Retail Executive

SEP-OCT 2017

Retail Executive is the trusted advisor to top retail executives from the industry’s most profitable retailers. We help retail executives succeed in their job role and grow their business via exclusive, actionable, peer-driven content.

Issue link: http://digital.retailexecutive.com/i/864981

Contents of this Issue

Navigation

Page 26 of 43

Fifty percent of companies surveyed that have gone through a margin improvement program found costs "bounced back" after the reduction, and more than 30 per- cent of cost-reduction efforts substantially weakened the company. Recasting the cost structure is not about look- ing where to cut costs; instead, retailers should consider a nontraditional perspective on major cost themes based on the strategy. 3. Embracing organizational agility To be able to thrive in uncertainty, retailers should im- prove the speed of operations and decision making. In the past two years, stock returns of the top U.S. retail innovators outpaced the market by 38 percent. These retailers, who grew up in the age of technology, are 31 percent less likely to get bogged down in the hierarchy, and 17 percent more likely to make quick decisions. THRIVING IN UNCERTAINTY The retail industry's future is evidently in some state of flux. However, retailers can thrive in this uncertainty if they know how to achieve profitable growth by contin- uously adapting to consumer demand. Consumers will likely continue to spend on items, services, and experi- ences, even as their preferences and behaviors change. Online retail aggregation and new digital platforms will continue to offer smaller retailers greater influ- ence without requiring enormous capital investment, upending traditional barriers to entry. Global players will continue to find new channels of influence, even as consumers adopt and use new technologies that affect upstream manufacturing and downstream distribu- tion channels once thought to be the basis for all retail. However, volatility and bifurcation are not the end for retail. Quite the contrary. An ever-evolving market- place may spell opportunity for retailers who are the most-informed, best-prepared and, perhaps most im- portant in a fast-changing, competitive environment, best able to adapt. R In dividing retailers into three cohorts along this val- ue-proposition spectrum, we found that those that have been the most aggressive in targeting a low-price and con- venience proposition have outperformed the retail market with a compound average revenue growth (CAGR) of 6.5 percent over the last three years. Retailers that have suc- cessfully differentiated with unique product, service, and experience offerings also outperformed the competition by achieving CAGR revenue growth of 8.1 percent within this time frame. Conversely, retailers that fit neither of these two categories are "stuck" in the middle and deliv- ered average CAGR revenue growth of just 1.4 percent. To thrive in uncertainty, however, retailers may want to re- write the playbook and focus on three main levers. 1. Rethinking the operating model Retailers should start by understanding that success is driven by the willingness to constantly reexamine and develop the operating model, structure, and supporting tools and technologies. Deloitte's annual research study with MIT Sloan Man- agement Review found that more than two-thirds (68 percent) of surveyed retailers believe they have moved beyond the early stages of digital maturity. Still, less than half (44 percent) believe they are adequately pre- paring for digital transformation. Across the market- place, leading retail executives are simplifying their op- erating structures by making fundamental changes to how they organize and operate with a goal of orienting themselves around the customer. 2. Recasting the cost structure Creating headroom for growth involves retailers taking a fresh look at spending, investing to support the new growth agenda while simplifying the core business model, and diverting resources from areas that do not drive mar- ket differentiation. Rethinking the cost structure to drive profitable growth is more critical than ever before and re- quires a balanced and integrated approach to be effective. THE RETAIL PARADOX: CONSUMER CONFIDENCE HIGH, RETAIL SALES FLAT SOURCE: 1 U.S. Census Bureau, Seasonally-Adjusted Retail and Food Services, ex. Auto; 2 University of Michigan: Consumer Sentiment Index; 1966 Q1=100 15% 10% 5% 0% 100 90 80 70 2012 Q1 Q2 Q4 Q3 Q1 Q2 Q4 Q3 Q1 Q2 Q4 Q3 Q1 Q2 Q4 Q3 Q1 Q2 Q4 Q3 Q1 2016 2015 2014 2013 2017 U.S. Retail Sales 1 Consumer Sentiment Index 2 The Retail Paradox Consumer Confidence U.S. Retail Sales* RETAILEXECUTIVE.COM SEPTEMBER/OCTOBER 2017 27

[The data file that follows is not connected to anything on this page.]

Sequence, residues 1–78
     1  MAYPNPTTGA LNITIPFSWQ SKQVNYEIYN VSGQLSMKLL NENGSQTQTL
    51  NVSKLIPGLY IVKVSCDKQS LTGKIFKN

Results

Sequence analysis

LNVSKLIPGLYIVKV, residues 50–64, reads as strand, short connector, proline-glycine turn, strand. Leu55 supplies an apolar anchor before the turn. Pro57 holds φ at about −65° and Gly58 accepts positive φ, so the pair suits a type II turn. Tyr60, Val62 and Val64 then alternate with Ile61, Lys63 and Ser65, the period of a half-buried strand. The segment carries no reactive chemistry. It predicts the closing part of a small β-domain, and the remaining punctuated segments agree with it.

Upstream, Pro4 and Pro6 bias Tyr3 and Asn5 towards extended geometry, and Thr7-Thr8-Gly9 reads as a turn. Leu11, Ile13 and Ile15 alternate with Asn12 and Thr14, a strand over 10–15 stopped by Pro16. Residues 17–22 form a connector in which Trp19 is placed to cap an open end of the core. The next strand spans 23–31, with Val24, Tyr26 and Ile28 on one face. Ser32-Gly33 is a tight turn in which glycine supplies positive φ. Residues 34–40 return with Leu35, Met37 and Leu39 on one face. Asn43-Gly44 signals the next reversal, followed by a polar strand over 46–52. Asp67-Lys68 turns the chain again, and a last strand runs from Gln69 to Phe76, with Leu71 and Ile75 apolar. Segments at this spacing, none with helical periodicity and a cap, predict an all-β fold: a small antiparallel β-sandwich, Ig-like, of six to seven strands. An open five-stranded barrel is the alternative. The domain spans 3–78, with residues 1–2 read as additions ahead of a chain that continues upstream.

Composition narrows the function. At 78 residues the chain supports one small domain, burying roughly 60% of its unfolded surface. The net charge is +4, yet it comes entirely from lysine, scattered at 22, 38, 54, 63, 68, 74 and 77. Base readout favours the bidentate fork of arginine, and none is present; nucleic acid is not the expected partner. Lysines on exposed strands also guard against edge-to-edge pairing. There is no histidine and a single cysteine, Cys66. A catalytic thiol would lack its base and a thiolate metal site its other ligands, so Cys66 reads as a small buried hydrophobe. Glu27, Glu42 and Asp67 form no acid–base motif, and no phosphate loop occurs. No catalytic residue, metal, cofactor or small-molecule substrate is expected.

Articles in this issue

Links on this page

Archives of this issue

view archives of Retail Executive - SEP-OCT 2017